Back in September, India's hopes for a historic first ended — inconclusively.

High hopes had been riding on its Chandrayaan-2 orbiter. The spacecraft was sending a landing vehicle down to the moon — an operation that, if successful, would be the first robotic mission at the moon's unexplored south pole and that would make India only the fourth country in history to make a moon landing.

Unfortunately, it was not to be. At the time, the Indian Space Research Organisation didn't offer much explanation for the operation's failure besides an ill-timed loss of contact, adding little more than a terse, "Data is being analyzed."

Now, the Indian government has offered its first conclusive statement on the incident, in a brief report responding to a lawmaker's question last Wednesday: Put simply, the Vikram lander's braking thrusters malfunctioned, and it crashed.

"During the second phase of descent, the reduction in velocity was more than the designed value. Due to this deviation, the initial conditions at the start of the fine braking phase were beyond the designed parameters," said Jitendra Singh, minister of state for the Department of Space, the ISRO's parent department. "As a result, Vikram hard landed within 500 m of the designated landing site."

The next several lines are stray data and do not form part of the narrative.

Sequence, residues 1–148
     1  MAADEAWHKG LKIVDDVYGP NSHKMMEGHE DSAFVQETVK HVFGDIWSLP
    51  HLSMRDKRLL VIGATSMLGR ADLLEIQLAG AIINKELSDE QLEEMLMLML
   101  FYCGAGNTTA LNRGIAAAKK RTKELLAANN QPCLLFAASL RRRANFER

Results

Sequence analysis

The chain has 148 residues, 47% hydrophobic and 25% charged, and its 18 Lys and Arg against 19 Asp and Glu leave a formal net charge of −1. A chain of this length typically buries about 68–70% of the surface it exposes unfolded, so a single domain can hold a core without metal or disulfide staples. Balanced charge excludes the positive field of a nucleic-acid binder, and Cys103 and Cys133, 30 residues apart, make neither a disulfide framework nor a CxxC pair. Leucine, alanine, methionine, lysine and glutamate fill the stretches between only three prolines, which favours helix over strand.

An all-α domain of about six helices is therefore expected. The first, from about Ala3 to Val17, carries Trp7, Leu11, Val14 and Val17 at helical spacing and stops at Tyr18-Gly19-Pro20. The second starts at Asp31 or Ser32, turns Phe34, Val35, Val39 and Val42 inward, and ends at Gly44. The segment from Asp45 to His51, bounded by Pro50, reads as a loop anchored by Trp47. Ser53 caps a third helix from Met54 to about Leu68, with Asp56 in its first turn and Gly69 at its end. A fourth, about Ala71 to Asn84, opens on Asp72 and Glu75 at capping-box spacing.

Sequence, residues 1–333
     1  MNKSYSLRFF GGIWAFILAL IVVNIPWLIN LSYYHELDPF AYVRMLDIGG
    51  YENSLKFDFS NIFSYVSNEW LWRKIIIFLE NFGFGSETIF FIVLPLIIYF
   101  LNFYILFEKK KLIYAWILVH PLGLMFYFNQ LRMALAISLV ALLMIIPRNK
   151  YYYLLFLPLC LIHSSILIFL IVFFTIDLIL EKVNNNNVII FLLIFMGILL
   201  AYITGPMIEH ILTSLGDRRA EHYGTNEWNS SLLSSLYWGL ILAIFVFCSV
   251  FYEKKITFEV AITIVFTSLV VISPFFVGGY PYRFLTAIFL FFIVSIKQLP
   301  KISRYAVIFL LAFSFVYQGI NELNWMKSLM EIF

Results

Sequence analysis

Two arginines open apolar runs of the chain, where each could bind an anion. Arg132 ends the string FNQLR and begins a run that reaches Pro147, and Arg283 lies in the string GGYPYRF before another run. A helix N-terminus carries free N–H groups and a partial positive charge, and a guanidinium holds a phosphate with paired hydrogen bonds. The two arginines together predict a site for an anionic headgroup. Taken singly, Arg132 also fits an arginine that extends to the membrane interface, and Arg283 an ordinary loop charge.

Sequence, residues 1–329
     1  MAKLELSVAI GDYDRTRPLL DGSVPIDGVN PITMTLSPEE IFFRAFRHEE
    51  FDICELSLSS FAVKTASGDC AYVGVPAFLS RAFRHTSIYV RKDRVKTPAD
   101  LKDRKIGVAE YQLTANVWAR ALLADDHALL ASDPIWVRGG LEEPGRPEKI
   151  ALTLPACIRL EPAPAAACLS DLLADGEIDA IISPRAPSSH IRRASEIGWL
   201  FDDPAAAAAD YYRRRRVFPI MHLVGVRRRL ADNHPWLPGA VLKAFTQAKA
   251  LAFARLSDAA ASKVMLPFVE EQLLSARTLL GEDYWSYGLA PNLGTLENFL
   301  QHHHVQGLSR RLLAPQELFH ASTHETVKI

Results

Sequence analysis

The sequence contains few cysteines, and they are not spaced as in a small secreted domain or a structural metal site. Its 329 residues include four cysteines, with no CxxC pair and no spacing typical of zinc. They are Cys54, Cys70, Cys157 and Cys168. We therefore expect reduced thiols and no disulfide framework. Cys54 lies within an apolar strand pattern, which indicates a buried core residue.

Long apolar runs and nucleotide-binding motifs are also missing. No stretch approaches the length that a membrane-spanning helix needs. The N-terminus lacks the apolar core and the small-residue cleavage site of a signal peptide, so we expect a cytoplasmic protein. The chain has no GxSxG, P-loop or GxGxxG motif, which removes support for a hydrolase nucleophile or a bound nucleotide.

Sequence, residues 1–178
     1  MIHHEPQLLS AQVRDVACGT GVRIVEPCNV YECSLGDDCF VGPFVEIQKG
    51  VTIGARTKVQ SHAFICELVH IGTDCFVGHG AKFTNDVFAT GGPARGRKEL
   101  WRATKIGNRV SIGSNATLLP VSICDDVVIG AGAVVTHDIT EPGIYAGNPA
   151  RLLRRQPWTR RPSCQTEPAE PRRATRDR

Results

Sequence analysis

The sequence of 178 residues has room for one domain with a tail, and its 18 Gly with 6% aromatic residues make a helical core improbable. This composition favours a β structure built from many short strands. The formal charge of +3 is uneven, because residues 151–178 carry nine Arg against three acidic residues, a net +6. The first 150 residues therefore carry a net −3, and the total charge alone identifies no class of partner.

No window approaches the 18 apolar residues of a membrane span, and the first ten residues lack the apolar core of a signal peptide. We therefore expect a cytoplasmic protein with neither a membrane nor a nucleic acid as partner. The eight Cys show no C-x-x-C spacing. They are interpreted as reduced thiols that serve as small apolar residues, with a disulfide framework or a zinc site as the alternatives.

Singh did not clarify what caused the malfunction in the lander's landing system.

The statement is believed to be the first formal acknowledgment by India's government that the craft crashed. In the ISRO's previous public updates on Vikram — the latest on its website was released back on Sept. 10, several days after the intended landing date — the agency noted only that it had located the lander but had made "no communication with it yet."

In his explanation last week, Singh was careful to add that officials have had success with the rest of the Chandrayaan-2 craft, which continues to collect information during its orbit around the moon.

"Most of the components of Technology demonstration, including the launch, orbital critical maneuvers, lander separation, de-boost and rough braking phase were successfully accomplished," the minister said. "With regards to the scientific objectives, all the 8 state of the art scientific instruments of the Orbiter are performing as per the design and providing valuable scientific data."

Still, the failed landing is a disappointment for the Chandrayaan-2 project, whose total cost Singh estimated at upward of $135 million.

But it's not the only such disappointment recently. Just months earlier, a private Israeli project muffed its own attempt to land a robotic craft on the moon, with the probe apparently losing its main engine and contact with its earthbound controllers in the final moments of its descent.

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